Attorney General of Kansas — Opinion
November 6, 2003
Re: Intoxicating Liquors and Beverages — Licensure and Regulation of Sale of Liquor by the Drink — Revocation or Suspension of License; Grounds for Disciplinary Action for Any Crime Involving a “Morals Charge”; Necessity of Indictment, Information or Complaint
Synopsis: In accordance with agency interpretations of K.S.A. 41-2611(f), the Director of the Division of Alcoholic Beverage Control can take disciplinary action against a licensee for a crime involving gambling or one of the other enumerated crimes listed in K.S.A. 41-2601(n) only if an indictment, information, or complaint has been filed. However, a conviction is not necessary to commence disciplinary action. Cited herein: K.S.A. 21-4303, 21-4303a, 21-4304, 21-4305; K.S.A. 2002 Supp. 21-4306, 21-4307; K.S.A. 22-2202, 41-102, 41-2601, 41-2610, 41-2611; K.S.A. 2002 Supp. 41-2623; K.A.R. 14-19-14; 14-19-24; 14-19-35; 14-20-14; 14-20-26; 14-20-37; 14-21-1; 14-21-9; 14-21-20.
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Phill Kline, Attorney General of Kansas
Joan Wagnon, Secretary Kansas Department of Revenue Docking State Office Building 915 S.W. Harrison Street Topeka, Kansas 66625
Dear Secretary Wagnon:
We direct our response to you regarding an opinion request from the former Director of the Division of Alcoholic Beverage Control.
Mr. Longino inquired whether criminal charges for gambling must be pending before the Director can take disciplinary action against a club and drinking establishment licensee for violation of K.S.A. 41-2611(f), which provides in part as follows:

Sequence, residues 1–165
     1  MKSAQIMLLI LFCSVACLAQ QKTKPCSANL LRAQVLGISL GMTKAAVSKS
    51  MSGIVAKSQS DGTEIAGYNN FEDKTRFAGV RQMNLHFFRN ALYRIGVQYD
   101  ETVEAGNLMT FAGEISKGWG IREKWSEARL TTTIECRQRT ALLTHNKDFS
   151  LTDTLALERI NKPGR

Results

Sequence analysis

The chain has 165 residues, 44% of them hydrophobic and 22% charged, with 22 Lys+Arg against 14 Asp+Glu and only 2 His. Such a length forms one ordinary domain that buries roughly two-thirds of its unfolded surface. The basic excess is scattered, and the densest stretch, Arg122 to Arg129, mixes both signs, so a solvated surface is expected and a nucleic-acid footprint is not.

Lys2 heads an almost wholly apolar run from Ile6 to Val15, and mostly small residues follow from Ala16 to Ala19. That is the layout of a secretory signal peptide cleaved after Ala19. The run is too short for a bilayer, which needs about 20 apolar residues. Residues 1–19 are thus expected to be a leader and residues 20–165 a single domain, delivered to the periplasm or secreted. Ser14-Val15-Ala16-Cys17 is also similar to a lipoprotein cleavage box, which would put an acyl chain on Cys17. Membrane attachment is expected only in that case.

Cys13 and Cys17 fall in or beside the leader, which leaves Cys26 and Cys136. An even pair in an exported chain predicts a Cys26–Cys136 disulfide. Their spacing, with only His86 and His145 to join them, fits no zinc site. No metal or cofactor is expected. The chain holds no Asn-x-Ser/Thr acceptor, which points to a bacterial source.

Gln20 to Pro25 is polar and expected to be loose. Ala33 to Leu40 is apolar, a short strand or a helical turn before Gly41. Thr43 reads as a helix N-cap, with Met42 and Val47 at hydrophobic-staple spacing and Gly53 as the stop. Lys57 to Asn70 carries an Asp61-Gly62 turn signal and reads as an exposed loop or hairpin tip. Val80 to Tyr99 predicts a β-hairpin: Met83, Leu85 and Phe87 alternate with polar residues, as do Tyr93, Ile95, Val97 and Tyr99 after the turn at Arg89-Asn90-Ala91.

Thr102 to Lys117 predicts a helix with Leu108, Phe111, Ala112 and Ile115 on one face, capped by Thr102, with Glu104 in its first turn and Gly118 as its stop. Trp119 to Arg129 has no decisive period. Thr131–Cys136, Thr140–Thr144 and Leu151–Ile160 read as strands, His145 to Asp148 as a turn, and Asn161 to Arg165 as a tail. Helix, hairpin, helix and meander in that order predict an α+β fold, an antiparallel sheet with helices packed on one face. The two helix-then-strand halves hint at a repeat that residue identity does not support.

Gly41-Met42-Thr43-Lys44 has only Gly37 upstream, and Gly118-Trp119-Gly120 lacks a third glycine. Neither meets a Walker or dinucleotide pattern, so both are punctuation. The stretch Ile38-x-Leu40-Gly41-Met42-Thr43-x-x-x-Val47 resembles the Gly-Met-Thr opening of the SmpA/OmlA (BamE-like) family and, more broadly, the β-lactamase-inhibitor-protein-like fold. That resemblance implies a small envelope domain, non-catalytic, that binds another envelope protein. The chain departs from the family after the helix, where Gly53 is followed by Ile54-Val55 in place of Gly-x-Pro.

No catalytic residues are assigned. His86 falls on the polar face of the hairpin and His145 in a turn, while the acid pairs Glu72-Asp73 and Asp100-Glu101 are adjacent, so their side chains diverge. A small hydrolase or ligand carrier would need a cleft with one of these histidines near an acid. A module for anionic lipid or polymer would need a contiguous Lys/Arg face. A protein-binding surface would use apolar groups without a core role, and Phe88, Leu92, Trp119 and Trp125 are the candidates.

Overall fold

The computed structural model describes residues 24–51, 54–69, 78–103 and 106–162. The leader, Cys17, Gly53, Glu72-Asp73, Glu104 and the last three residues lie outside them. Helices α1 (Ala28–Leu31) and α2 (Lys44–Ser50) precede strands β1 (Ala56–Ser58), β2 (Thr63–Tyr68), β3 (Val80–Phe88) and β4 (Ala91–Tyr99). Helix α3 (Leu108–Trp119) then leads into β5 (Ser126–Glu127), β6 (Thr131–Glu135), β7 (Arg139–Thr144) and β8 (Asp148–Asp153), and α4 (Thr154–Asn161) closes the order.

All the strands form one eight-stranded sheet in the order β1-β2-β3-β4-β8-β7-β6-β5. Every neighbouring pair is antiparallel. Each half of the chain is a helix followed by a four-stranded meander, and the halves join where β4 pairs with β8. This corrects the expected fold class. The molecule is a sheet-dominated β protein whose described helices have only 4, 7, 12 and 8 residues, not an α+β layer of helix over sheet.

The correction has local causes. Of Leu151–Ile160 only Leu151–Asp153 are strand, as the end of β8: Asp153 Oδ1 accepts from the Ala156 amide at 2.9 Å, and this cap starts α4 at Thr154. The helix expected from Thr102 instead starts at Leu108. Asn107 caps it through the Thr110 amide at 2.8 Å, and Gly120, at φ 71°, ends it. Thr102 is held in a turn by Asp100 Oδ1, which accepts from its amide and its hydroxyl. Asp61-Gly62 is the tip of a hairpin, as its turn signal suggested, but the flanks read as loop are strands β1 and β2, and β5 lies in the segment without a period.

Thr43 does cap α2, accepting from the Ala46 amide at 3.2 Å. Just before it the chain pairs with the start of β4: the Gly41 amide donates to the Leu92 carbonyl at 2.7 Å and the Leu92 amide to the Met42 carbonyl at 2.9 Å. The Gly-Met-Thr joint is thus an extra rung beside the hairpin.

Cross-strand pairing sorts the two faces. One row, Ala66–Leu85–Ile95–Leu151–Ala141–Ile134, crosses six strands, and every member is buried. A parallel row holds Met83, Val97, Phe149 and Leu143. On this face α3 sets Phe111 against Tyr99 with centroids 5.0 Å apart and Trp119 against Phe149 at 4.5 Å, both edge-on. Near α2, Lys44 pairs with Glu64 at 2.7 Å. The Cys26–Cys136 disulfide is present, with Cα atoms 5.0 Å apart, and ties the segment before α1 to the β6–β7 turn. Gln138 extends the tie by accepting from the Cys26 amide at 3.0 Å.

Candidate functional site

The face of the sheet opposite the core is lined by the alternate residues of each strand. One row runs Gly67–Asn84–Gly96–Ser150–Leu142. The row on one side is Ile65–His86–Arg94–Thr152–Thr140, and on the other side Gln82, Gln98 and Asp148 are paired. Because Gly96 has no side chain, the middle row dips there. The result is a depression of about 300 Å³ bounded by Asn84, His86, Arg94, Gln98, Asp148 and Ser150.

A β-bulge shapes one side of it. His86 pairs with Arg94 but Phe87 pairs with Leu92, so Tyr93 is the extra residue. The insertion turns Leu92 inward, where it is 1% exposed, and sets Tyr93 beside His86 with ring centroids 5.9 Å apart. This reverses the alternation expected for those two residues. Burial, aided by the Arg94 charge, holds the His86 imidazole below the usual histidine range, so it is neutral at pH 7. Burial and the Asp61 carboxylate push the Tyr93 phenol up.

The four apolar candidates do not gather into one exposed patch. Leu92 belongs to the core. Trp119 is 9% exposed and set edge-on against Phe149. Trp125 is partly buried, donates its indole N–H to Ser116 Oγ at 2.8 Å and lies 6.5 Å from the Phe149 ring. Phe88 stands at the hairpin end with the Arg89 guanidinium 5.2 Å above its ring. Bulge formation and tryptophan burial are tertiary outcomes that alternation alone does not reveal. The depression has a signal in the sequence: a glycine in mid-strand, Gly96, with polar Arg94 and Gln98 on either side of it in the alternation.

“The director may revoke or suspend any license issued pursuant to the club and drinking establishment act for any one . . . of the following reasons:
. . . .
“(f) There has been a violation of a provision of the laws of this state . . . pertaining to the sale of intoxicating or alcoholic liquors . . . or any crime involving a morals charge, on premises where alcoholic liquor is sold by such licensee.”
Subsection (f)’s verbiage is clumsy in that it is unclear who determines whether a “crime involving a morals charge” has occurred, and whether there has to be some action to initiate charges, or convict an individual before an administrative action may be considered. We therefore parse the statute in an effort to make sense of it.
“Morals charge” is defined in the Club and Drinking Establishment Act, as among other things, “a charge involving . . . gambling.” When interpreting the meaning of the word “charge” in the context of K.S.A. 41-2611, the first rule of statutory interpretation is to look at the literal language and, if the meaning is clearly expressed, that meaning should prevail. A “charge” in the sense of a criminal charge is simply an accusation of a crime by a formal instrument such as a complaint, information, or indictment.
Therefore, it would appear that “a morals charge” simply means a formal accusation of a crime involving gambling or one of the other crimes listed in K.S.A. 41-2601(n).